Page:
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Best bank for BRI-related financing in the region: Maybank

Maybank has been consistently successful at inserting itself into local and regional BRI deals.

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Gregory Seow, Maybank Group

The Kuala Lumpur-based lender operates China coverage desks in the Malaysian capital, as well as in Singapore and Indonesia, to cater to the offshore needs of Chinese companies. It also has branches in Beijing, Kunming, Shanghai, Shenzhen and Hong Kong, with a clear focus on facilitating cross-border financing, trade and investment for Asean and Greater China-based conglomerates, financial institutions and state-owned firms.

Over the last year, the Malaysian lender, whose team includes Gregory Seow, chief executive of Greater China operations and global head of financial institutions at Maybank Group, has organized and hosted several bilateral and regional dinners, events and forums, including Invest Asia (held in London in June 2018), Invest Malaysia, co-hosted with Bursa Malaysia in March 2019, and Invest Asean, in alliance with ICBC International.

Perhaps the key event over the last year for the bank was its sale of Rmb2 billion ($283 million) worth of panda bonds, a blend of one-year and three-year notes underwritten by China Development Bank, BNP Paribas, HSBC and Industrial and Commercial Bank of China. It marked Maybank’s second renminbi-denominated print in two years.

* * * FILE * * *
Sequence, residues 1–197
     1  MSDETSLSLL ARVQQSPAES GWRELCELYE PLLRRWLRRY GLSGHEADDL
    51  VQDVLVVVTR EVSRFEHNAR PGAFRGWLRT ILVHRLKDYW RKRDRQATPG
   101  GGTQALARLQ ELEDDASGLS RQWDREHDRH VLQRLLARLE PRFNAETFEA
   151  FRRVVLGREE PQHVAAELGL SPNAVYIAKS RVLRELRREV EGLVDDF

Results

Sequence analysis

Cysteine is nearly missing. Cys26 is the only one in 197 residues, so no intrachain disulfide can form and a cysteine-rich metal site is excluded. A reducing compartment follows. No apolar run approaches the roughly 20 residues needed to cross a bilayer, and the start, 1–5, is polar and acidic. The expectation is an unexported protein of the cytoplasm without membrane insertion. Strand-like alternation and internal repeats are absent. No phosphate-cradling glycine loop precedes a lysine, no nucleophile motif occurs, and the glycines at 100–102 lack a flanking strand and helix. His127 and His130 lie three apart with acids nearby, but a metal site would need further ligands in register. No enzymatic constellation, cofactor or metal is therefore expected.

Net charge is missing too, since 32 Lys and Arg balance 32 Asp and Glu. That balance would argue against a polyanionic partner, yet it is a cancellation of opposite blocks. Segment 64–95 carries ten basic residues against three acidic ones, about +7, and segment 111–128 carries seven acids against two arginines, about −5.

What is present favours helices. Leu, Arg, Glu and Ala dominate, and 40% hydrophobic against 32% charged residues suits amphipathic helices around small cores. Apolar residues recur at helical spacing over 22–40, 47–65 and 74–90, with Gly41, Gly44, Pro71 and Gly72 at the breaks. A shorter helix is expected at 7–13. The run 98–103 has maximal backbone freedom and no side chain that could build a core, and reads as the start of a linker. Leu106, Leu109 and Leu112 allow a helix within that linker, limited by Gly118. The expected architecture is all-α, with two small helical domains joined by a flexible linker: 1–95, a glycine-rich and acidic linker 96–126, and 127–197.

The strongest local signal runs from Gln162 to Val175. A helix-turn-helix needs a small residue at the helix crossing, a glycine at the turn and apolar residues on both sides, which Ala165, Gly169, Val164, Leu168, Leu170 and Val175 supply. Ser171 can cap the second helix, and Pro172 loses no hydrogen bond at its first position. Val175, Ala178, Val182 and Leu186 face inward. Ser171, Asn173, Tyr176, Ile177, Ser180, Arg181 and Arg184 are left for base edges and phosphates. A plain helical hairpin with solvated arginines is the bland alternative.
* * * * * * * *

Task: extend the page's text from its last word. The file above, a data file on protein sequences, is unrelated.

The proceeds, it says, will be used to support and fund BRI projects, in sectors from utilities and mining to oil and gas and petrochemicals.

A member of the Belt and Road Bankers Roundtable, Maybank was also joint lead manager and joint bookrunner on ICBC Singapore’s inaugural $2.2 billion green bond this April, with the aim of supporting the development of a greener BRI.

The bank has also been at the heart of a number of corporate-led transactions and investments. It was sole financier on a $68 million warehousing facility, to be built in Singapore by Jurong Island Chemical Logistics, part of China Ocean Shipping Company.

The bank also provided financing, cash management and broking services to Changsha-based Huatian Industry, during its RM1.82 billion ($435 million) takeover of Malaysian semiconductor assembly firm Unisem, finalized in January.

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Best bank for infrastructure/project finance in the region: HSBC

When awards like these are being handed out, HSBC should, just by dint of its long history and presence in China and southeast Asia, be a perennial contender. Yet any lender, whatever its size and history, still has to do the legwork, a fact that the UK-based bank knows full well.

It is a worthy winner of this award, having been at front and centre of several BRI deals over the last 12 months. A standout example was a $69 million Sinosure-supported facility for Longi Green Energy Technology Company, a leading Chinese photovoltaics firm busy expanding its presence in the Malaysian state of Sarawak.

HSBC was mandated lead arranger, sole lender, agent and security agent on the deal.

It was also joint global coordinator on ICBC Singapore’s inaugural $2.2 billion green bond. The multi-currency print, finalized in April, raised $900 million, €500 million and Rmb1 billion ($140 million). The proceeds will be used to fund green BRI projects, particularly in renewable energy, wastewater management and low-emission transport.